Bosnia war crimes trial opens
Ethnic Serb cousins accused of burning around 140 Muslims to death, appear at The Hague.
Last Modified: 09 Jul 2008 21:23 GMT
Sredoje was handed over by Bosnian Serb authorities a month after Milan's arrest [EPA]

Two Bosnian Serb cousins accused of burning around 140 Muslims to death in one of the most notorious campaigns of ethnic cleansing of the 1992 to 1995 Bosnian war have appeared on trial before the UN war crimes court in The Hague.

Milan Lukic, 40, and his 47-year-old cousin Sredoje, are accused of 21 counts of war crimes and crimes against humanity, in and around the eastern Bosnian town of Visegrad.

Addressing the International Criminal Tribunal for the Former Yugoslavia, Dermot Groome, prosecutor, said: "What Milan Lukic and Sredoje Lukic did wasn't [that of] a band of criminals but was a widespread and systematic attack on the  civilian population."


The charges against the men, who have both pleaded not guilty, include murder, repeated beatings of prisoners and persecution of the Muslim population in the area.

The ugliest atrocities detailed in court documents are the deaths of around 140 Muslims in two separate torching incidents in which women, children and elderly men were burned alive in  barricaded buildings. 

Those who tried to escape the fires were shot by the cousins and their accomplices, the court alleges.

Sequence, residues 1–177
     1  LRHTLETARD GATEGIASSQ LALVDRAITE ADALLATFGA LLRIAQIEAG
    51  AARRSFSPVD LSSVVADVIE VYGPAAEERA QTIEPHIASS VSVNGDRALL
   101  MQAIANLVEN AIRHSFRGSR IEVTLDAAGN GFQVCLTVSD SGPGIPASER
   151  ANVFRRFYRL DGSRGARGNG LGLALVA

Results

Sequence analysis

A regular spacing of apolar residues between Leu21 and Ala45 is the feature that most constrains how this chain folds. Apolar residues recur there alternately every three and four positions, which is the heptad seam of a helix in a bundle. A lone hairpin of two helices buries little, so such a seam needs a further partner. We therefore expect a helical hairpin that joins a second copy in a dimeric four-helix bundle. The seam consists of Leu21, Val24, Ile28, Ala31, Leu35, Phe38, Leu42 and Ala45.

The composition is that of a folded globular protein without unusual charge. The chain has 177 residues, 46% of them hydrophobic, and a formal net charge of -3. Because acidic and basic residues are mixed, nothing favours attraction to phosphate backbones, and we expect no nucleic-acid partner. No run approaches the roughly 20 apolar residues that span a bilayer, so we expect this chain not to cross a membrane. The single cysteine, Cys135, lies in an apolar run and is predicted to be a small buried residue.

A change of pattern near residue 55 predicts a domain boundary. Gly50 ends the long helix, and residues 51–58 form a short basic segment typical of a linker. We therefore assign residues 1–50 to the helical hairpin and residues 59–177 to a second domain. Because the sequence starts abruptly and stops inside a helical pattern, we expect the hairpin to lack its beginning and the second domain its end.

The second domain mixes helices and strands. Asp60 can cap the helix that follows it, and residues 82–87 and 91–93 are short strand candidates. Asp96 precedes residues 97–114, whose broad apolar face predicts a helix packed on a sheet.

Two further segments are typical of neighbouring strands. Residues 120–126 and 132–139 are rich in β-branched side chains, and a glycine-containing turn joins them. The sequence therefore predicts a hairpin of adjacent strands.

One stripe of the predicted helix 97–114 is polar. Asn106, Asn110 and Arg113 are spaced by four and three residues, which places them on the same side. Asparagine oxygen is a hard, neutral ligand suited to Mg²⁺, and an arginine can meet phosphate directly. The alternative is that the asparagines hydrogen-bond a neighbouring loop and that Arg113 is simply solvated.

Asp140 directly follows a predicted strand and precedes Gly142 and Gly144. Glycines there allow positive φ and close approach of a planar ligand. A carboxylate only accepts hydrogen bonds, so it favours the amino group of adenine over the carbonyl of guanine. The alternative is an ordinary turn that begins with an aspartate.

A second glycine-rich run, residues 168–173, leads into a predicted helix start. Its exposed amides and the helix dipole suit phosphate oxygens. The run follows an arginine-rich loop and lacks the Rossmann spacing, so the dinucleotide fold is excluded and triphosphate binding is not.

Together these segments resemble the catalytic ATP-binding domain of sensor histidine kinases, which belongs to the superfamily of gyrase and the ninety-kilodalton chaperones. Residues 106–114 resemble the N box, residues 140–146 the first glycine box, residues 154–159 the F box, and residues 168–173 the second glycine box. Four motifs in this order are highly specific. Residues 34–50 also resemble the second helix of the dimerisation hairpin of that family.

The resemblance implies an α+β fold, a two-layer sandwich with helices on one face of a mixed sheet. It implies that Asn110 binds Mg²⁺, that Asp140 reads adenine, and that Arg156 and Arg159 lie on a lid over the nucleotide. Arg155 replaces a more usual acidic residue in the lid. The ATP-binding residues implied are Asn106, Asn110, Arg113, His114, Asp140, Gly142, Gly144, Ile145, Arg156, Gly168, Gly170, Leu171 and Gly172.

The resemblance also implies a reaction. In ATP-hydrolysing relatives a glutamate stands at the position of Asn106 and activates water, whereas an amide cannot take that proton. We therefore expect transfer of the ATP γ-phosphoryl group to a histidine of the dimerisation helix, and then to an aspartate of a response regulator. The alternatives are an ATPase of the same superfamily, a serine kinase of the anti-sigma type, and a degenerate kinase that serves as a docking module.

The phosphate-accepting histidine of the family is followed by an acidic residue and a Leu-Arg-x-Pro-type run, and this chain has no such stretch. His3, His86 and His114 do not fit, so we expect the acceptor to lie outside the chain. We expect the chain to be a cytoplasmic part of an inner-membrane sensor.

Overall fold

The incidents, in which 23 children ranging in age from two days old to 14 years perished, occurred within days of each other in June 1992.

Milan Lukic, who was arrested in Argentina in August 2005, was the leader of a Bosnian Serb paramilitary group known as the "White  Eagles" and "Avengers", which included his cousin Sredoje, a former policeman.

Sredoje was handed over by Bosnian Serb authorities a month after his cousin's arrest.

'Reign of terror'

According to court documents, the reign of terror they unleashed in Visegrad was part of one of the most notorious campaigns of ethnic cleansing in the conflict, designed to permanently rid the town of its Bosnian Muslim  population.

Before the war, Visegrad had a population of 21,000 inhabitants, two-thirds of whom were Muslim.

"Thirteen thousand Muslims were forcibly removed from their houses or killed during the period running from spring to summer of 1992," and the city "has the sad distinction of being second only to Srebrenica" as representing the largest population shift of the war, Groome told the court.

The atrocities carried out in Visegrad were "part of a larger plan" the prosecutor said, because of the town's "strategic importance" close to the border with Serbia.

Groome told the court that the "Lukic group" carried out beatings of Muslim prisoners "and in several cases tortured them with electric shocks".

Milan Lukic is also charged with shooting dead seven Bosnian Muslim factory workers on the banks of the river Drina on or around June 10, 1992.

Mitar Vasiljevic, a close friend of the cousins, was tried and convicted for his involvement in the same incident and sentenced in July 2004 to 15 years in prison.

Lukic was sentenced in abstentia to 20 years' imprisonment in Belgrade in 2003 for the murder, torture and abduction of 16 Muslims in Sjeverin in Serbia.

The bodies of the victims - passengers who were forced off a bus at gunpoint - were never recovered. 

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